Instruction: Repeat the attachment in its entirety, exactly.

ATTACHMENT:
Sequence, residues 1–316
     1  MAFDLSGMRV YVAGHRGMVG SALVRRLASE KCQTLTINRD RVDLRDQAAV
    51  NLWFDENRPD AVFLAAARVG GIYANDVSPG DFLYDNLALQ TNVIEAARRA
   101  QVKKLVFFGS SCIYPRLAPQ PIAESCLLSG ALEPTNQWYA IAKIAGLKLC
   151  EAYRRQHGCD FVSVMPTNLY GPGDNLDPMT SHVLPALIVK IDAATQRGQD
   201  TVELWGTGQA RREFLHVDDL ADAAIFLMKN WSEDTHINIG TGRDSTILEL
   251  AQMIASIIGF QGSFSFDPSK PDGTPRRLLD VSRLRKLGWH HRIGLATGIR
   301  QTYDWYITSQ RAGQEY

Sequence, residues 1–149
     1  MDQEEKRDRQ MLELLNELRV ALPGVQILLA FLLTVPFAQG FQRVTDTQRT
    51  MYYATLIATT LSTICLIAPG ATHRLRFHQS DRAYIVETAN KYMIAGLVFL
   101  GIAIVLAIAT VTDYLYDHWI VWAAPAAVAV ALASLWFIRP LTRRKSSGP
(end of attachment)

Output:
Sequence, residues 1–316
     1  MAFDLSGMRV YVAGHRGMVG SALVRRLASE KCQTLTINRD RVDLRDQAAV
    51  NLWFDENRPD AVFLAAARVG GIYANDVSPG DFLYDNLALQ TNVIEAARRA
   101  QVKKLVFFGS SCIYPRLAPQ PIAESCLLSG ALEPTNQWYA IAKIAGLKLC
   151  EAYRRQHGCD FVSVMPTNLY GPGDNLDPMT SHVLPALIVK IDAATQRGQD
   201  TVELWGTGQA RREFLHVDDL ADAAIFLMKN WSEDTHINIG TGRDSTILEL
   251  AQMIASIIGF QGSFSFDPSK PDGTPRRLLD VSRLRKLGWH HRIGLATGIR
   301  QTYDWYITSQ RAGQEY

Sequence, residues 1–149
     1  MDQEEKRDRQ MLELLNELRV ALPGVQILLA FLLTVPFAQG FQRVTDTQRT
    51  MYYATLIATT LSTICLIAPG ATHRLRFHQS DRAYIVETAN KYMIAGLVFL
   101  GIAIVLAIAT VTDYLYDHWI VWAAPAAVAV ALASLWFIRP LTRRKSSGP